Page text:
Wednesday, May 25, 2011

...and so it begins!

The hammy feels good. The blank 18-week training log has been taped to the wall. Time to get to work filling this thing out. My training plan will follow this appropriate dictionary entry:

Spar·tan  (spärtn)

1. Rigorously self-disciplined or self-restrained.
2. Simple, frugal, or austere
3. Courageous in the face of pain, danger, or adversity.

With no coaches, GPS, headphones, or other fancy conveniences, my training between now and Sept 30 will definitely be Spartan. I couldn't think of a better way to draw up my plan for this race. 153 miles...24 hours. That's the goal. if only I could find a weighted chariot to pull a couple times a week...

Tuesday, May 17, 2011

Massanutten 63 Miler Race Report!

Ok, so I had to drop the MMT100 at 63 miles. Obviously failing to finish any race is a bit of a bummer, but I promised myself I would only push my recovering hamstring so far with the goal of being healthy enough to get back to 100% in training for the rest of the year (most notably, for the Spartathlon).  That said, regardless of my actual physical shape, my brain is always fired up and ready to roll when I wake up on race morning, and this weekend was no exception. I wanted to finish this race.
Pre-race focus (Aaron Schwartzbard Photo)
After a nice night's sleep in the XTerra Inn, I immediately applied a couple stick-on heating pads (cleverly ignoring the "only use one" warning) to my troubled left hamstring when I woke at 3:00 a.m.. By the time the race started an hour later, the hammy felt warm, loose and ready to roll. The race course kindly started with 3 miles of easy road running before hitting the trails, so I used that time to warm up completely and find an appropriate stride length. This injury had forced me to shorten my stride (and speed) over the previous month, and after two miles of running I felt the first twinge of the pain in the hamstring. I knew this meant I had found the limit of what stride-length the leg would allow for the day, so I reeled things back and settled in.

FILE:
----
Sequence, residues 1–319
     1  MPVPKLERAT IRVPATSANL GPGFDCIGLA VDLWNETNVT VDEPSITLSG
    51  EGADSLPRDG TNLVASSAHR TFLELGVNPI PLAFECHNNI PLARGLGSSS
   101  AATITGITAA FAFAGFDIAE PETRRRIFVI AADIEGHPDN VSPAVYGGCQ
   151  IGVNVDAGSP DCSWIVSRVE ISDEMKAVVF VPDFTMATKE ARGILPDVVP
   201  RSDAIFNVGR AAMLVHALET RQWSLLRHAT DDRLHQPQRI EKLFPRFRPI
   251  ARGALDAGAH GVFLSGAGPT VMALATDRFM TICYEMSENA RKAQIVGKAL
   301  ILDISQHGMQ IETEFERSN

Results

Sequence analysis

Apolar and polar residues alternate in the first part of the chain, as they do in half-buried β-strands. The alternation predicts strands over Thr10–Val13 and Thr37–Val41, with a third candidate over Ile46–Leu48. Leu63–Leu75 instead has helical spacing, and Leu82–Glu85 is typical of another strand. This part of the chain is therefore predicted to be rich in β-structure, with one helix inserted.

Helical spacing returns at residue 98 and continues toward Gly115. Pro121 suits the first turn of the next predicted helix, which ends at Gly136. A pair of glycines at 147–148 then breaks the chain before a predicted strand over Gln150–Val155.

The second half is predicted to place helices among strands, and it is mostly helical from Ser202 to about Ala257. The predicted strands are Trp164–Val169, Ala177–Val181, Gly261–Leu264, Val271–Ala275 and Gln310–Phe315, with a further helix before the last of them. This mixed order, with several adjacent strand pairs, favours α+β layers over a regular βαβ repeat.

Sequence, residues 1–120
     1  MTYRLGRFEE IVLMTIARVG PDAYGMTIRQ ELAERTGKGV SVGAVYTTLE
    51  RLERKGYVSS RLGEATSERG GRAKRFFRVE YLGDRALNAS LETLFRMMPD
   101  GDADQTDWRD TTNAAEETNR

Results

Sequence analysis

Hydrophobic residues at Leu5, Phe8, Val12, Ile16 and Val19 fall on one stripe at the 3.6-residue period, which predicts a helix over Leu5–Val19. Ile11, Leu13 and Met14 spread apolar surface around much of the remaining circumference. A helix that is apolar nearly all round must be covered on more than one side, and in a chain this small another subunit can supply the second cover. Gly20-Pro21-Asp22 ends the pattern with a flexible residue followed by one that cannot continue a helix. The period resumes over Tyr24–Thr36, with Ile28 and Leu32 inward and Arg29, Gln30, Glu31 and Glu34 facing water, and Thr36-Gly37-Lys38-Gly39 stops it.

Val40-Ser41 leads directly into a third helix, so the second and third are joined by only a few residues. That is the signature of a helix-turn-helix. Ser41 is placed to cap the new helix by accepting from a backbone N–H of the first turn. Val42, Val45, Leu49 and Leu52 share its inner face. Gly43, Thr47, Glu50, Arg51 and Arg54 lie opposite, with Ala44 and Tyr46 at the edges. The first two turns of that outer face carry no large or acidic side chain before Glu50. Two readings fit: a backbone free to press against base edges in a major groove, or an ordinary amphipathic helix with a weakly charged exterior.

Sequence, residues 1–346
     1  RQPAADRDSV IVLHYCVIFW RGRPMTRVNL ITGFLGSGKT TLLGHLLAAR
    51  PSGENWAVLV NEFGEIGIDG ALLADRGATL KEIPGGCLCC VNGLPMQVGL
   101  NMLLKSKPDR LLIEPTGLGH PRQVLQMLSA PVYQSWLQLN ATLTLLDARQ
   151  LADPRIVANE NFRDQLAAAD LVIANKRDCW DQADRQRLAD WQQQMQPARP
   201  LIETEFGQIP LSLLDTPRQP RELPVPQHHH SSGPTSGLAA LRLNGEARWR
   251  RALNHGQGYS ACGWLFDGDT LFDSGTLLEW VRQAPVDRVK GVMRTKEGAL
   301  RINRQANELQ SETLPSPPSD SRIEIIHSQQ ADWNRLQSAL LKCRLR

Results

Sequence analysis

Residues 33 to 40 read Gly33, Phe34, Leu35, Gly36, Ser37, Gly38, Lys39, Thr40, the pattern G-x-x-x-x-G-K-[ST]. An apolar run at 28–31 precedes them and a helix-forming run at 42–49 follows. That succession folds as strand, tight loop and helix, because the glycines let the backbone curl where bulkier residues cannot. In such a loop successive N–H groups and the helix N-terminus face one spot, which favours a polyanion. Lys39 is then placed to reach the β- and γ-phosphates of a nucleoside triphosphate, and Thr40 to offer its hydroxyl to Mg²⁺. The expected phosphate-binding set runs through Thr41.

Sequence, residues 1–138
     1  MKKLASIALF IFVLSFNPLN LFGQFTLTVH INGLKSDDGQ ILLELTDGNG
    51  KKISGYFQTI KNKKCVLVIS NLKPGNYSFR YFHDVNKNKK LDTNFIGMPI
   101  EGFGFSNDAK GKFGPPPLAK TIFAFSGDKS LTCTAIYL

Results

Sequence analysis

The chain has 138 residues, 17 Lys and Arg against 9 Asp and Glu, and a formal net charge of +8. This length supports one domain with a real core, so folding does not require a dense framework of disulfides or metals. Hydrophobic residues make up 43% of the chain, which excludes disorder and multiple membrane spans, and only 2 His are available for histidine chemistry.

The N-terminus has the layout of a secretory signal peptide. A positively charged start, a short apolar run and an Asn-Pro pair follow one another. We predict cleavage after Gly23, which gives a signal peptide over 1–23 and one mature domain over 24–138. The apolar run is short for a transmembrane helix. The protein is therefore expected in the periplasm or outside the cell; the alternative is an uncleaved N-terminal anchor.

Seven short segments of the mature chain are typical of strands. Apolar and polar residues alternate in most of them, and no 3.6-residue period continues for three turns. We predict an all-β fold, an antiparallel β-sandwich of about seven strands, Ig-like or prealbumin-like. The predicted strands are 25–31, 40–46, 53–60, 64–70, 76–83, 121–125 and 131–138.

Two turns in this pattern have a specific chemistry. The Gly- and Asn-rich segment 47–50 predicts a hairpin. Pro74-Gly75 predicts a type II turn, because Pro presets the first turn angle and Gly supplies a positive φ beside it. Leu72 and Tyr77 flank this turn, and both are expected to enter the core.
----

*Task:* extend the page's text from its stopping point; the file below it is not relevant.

After the road miles we turned off onto the dark and wet trail (it rained quite a bit overnight). The good news about the first climb of the day up Short Mountain is the rugged and rocky terrain demands 100% of your attention (particularly when dark and wet), so unless a hawk is actively trying to peck out one of your eyes while you run, you're probably not going to notice anything else. This section helped me forget about the hamstring for a while, and by time I rolled down the other side of the mountain through Edinburg Gap (mile 11), I had adjusted to my short stride and everything felt great.
Being careful on the wet rocks just after Edinburg Gap (Aaron Schwartzbard Photo)
I had my first drop bag planted at Woodstock Tower (Mile 19.9), and when race photographer (and super nice guy) Aaron Schwartzbard told me I was running in 4th place just after Edinburg, I figured I'd take the next 8 miles a little more seriously to see if I couldn't join in the fun with the lead pack. The ridge to Woodstock is probably the most runnable trail of the whole course, so I enjoyed cruising those miles as the sun finally brightened the sky enough for me to turn off my headlamp. When I pulled into Woodstock for a refill, Mike Bur and his volunteers told me Karl Meltzer was 12 mins ahead, and Neal Gorman and David Frazier were 6 mins up. How Karl had already put 6 minutes on Neal and David was a mystery to me. Those two guys were both in great shape coming in and have tons of leg speed in general, regardless of the terrain. Clearly Karl was feeling pretty good out there!